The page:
Wednesday, March 19, 2008


1) A busy streetcorner with a familiar sight... 2) The Union Building (capital buildings for South Africa) 3) Downtown Pretoria 4) The neighborhood around the seminary

Things aren't so different down there...

Yes, we did travel 9,000 miles to see pivots and tractor dealerships...

Tuesday, March 18, 2008

Churches in South Africa: 1) A German congregation in Zulu-Natal (a town called Luneberg) 2)The church at the boy's school in Themba, where we went to church the first Sunday 3) St. Paul's Lutheran Church- the German congregation down the street from the seminary 4) All that remains of a mission station (I thought the sheep were very appropriate) 5) The remains of another mission station. At the last two churches, the mission has continued, only because of various factors the original buildings are in poor or non-existant shape.

Monday, March 17, 2008

try this link...

Theoretically, this link should take anyone to my facebook album, where I will hopefull in the next few days post most of my pictures... Someone without Facebook should try it out and let me know if it works

I figured that I would start with just a few pictures to actually prove that I was in South Africa. 1) Me with the Itala Game Park stretched out behind 2) Class (no, I am not sleeping) 3) The entire seminary faculty, student body, and American visitors 4) Dr. Rast and myself on one of the lookouts of the Vorntrekker Monument 5) Me and Roy with a couple of other future pastors (my roommate Bongani is second from the left. Hopefully more to come tomorrow! Check out facebook if you are able, I am planning to put some up there as well.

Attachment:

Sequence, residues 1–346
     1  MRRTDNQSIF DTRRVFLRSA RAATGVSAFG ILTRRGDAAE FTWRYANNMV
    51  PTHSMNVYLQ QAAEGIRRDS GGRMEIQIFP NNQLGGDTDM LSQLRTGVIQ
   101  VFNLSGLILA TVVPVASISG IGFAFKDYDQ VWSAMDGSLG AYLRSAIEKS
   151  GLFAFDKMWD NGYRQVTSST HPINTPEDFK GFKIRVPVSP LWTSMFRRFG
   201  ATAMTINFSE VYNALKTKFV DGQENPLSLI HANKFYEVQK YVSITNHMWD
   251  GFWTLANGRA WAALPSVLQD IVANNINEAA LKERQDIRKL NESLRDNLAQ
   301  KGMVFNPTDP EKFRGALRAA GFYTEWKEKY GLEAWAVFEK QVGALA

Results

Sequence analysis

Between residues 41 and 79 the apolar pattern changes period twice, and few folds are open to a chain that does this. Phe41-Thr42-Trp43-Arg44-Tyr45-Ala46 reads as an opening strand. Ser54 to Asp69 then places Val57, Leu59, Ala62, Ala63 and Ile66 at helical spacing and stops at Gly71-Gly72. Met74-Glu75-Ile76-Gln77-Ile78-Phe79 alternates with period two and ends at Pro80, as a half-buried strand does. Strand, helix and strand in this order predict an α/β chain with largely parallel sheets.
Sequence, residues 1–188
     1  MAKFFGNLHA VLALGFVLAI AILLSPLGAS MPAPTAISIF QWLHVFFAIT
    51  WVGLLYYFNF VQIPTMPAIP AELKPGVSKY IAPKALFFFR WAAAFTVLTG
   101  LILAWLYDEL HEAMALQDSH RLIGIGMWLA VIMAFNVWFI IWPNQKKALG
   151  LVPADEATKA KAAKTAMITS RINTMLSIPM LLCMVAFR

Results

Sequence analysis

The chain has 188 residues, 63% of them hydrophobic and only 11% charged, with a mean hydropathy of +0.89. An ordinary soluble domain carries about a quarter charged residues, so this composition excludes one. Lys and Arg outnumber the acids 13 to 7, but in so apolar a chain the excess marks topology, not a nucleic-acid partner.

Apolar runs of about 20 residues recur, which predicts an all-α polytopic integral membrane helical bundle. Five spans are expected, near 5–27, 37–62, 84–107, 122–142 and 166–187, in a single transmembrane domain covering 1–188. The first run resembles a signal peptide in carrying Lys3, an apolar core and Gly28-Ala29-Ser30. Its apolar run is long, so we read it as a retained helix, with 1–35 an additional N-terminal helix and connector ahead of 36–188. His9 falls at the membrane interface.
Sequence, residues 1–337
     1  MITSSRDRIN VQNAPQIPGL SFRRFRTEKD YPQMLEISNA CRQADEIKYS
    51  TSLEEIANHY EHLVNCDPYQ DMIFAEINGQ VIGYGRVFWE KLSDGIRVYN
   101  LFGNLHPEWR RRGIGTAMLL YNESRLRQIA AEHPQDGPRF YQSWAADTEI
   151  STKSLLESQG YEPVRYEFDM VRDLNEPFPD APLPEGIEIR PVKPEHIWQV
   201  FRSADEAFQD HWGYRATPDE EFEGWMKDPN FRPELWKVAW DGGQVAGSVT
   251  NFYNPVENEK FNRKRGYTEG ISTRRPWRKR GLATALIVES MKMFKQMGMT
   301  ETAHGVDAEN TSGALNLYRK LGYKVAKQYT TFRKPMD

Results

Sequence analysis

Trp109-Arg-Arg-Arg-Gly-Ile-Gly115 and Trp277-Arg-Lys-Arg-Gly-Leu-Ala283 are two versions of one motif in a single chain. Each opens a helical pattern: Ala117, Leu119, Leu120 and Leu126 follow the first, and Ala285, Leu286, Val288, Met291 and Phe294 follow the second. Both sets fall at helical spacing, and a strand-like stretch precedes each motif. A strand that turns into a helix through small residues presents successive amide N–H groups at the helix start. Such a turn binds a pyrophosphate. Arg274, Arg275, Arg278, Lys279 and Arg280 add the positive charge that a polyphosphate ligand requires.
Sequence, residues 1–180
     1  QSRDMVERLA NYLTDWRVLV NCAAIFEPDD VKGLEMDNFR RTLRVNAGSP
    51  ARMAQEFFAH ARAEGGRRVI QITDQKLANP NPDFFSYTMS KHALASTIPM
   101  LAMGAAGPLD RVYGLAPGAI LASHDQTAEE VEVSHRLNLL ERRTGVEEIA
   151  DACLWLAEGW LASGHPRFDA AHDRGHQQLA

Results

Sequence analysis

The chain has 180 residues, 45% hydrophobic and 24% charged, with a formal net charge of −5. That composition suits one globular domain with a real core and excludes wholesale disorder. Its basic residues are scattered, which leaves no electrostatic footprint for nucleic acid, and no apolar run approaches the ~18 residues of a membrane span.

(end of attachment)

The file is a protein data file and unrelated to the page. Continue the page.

Monday, March 10, 2008

Back home

After a long day (more like a day and a half!) in transit, we have all arrived safely back in Fort Wayne. Keep an eye out for pictures, depending on how far behind I am in my classes.

Friday, March 7, 2008

Heading out...

This is probably my last post before we return. It has been an amazing trip, and now we are getting ready to leave this beautiful country and these great people. It sounds like the students will miss having all of us Americans around. Tomorrow we will play them in soccer (30-1 in favor of the Africans is my prediction), and then we get ready to go. I plan to post Monday night at some point just to let everyone know that I made it back alright, and then start watching for pictures. I will try in the next few weeks to give you all a flavor of what we experienced here in South Africa. Please pray for these men as they study to serve Christ's Church in Africa, the Lutheran Church in South Africa as it deals with challenges both without and within, and this group of Americans as we travel back home. God's blessings on your weekend!

Thursday, March 6, 2008

One more test!

Things are starting to wind down over here- we have our final tomorrow, so today is a study day. I am also trying to gather as much footage and photos as I can. Hopefully, I will be able to photograph each of the twenty some students, and provide even more film of the chapel and worship services. On Sunday we will attend the English speaking church here on campus (served by a German missionary- only in South Africa!), and the Ft. Wayne students will be singing- our second choral experience of the trip, as we also sung for the students at the boy's school in Themba.

The fluid nature of this campus is very intriguing. On Monday, more Ugandans will be arriving, replacing the Americans. When new students come, they are just plugged into classes, meaning that Greek and Hebrew has to move very slowly to accomidate students arriving on campus at different times. The classes and professors are also very fluid. Dr. Rast is done on Friday, along with Dr. Arkilla from Finland. We will all leave, leaving just one guest professor, who will stay until another LCMS theologian arrives. The students and staff have to be very flexible, but this flexibility allows them to bring in students from all over Africa and instructors from all over the world. For an organized American (of German descent), this was very tough to adjust to, but I think I have done it, only to return to the structured seminary life in Fort Wayne in less than a week. My time has been great here and I have learned so much- thank you for your support, thoughts and prayers!